For instance, McChesney points out that media concentration has traditionally been horizontal, but its modern form is vertical. For example, all but 16 of America's 148 widely distributed films in 1997 were produced by the six largest studios. That's horizontal concentration.

The shift to vertical integration means a studio like Walt Disney now controls not only the content, but also many of the stages before and after - movie studios, TV-program production facilities, cable channels, broadcast networks, broadcast channels, record labels, magazines, newspapers, book publishers, and the list goes on and on.

Vertical integration is why Disney toy figures start showing up in fast-food restaurants whenever the studi0 premieres a new film.

Not only is the average American oblivious to what's happening, McChesney says, the U.S. government is also tuning out. Regulators let mergers slide under tremendous pressure from the telecommunications and entertainment industries. He notes virtually no one in government is looking out for the public interest in the media field.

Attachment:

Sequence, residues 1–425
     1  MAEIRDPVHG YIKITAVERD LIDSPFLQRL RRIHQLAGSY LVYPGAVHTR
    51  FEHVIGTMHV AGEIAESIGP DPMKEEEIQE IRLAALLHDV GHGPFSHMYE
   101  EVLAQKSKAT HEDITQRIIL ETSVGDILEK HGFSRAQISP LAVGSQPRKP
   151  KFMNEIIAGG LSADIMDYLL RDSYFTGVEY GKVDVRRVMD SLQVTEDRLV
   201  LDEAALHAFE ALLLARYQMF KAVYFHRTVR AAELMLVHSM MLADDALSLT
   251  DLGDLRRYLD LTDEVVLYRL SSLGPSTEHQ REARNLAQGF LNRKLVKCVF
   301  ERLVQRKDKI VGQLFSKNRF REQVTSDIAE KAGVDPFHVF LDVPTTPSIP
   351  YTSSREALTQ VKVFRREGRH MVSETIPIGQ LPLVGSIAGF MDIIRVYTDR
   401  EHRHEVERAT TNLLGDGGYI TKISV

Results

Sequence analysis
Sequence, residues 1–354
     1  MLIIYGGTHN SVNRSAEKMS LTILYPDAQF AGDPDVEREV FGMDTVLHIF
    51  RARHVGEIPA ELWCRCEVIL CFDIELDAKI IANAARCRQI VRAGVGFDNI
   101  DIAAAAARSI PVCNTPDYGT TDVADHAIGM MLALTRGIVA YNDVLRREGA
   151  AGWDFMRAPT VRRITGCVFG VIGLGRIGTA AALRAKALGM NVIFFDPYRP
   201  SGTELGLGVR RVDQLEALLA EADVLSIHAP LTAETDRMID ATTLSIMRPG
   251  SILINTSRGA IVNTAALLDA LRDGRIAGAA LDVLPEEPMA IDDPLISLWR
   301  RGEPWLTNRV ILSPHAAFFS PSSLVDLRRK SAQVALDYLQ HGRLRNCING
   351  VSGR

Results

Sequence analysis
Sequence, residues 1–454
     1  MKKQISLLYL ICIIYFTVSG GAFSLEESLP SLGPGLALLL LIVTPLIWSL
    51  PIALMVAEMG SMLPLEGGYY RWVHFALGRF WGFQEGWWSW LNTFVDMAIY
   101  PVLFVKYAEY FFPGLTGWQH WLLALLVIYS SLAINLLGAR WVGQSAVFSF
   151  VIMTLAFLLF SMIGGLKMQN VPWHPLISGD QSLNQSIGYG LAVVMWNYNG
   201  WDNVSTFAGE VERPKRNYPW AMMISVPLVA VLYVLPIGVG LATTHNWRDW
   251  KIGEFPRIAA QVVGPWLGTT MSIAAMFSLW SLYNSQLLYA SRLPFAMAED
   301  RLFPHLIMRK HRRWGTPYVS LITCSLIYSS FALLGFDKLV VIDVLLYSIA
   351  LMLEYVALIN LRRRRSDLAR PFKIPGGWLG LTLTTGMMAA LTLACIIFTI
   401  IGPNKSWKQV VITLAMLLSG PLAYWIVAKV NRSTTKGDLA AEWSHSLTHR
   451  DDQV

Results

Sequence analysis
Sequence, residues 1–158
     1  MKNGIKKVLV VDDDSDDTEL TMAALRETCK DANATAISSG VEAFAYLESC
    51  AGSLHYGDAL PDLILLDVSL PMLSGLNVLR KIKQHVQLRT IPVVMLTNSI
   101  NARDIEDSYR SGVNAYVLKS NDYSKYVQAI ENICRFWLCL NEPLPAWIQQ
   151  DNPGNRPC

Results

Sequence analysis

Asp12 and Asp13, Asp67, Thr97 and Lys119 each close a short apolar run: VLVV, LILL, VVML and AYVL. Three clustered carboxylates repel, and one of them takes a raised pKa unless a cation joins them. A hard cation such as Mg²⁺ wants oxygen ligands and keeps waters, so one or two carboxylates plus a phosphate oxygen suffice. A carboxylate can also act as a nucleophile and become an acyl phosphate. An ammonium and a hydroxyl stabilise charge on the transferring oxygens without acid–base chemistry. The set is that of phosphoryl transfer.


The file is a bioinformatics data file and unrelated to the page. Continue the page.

To explain their laxity, regulators almost invariably put forward the same answer: the Internet. How can you say there's consolidation, they reason, when there's so much growth on the Net? The Internet upends the rationale for regulating media mergers, McChesney adds, or for regulating media at all.

Once upon a time, the major media conglomerates possessed the only access to millions of Americans. Now, the argument goes, anyone with a few dollars can launch a Web site and compete with the media titans. McChesney wrote last year in The Progressive that "proponents of the Internet act as though it is a massive comet crashing into the Earth that will drive media giants into extinction."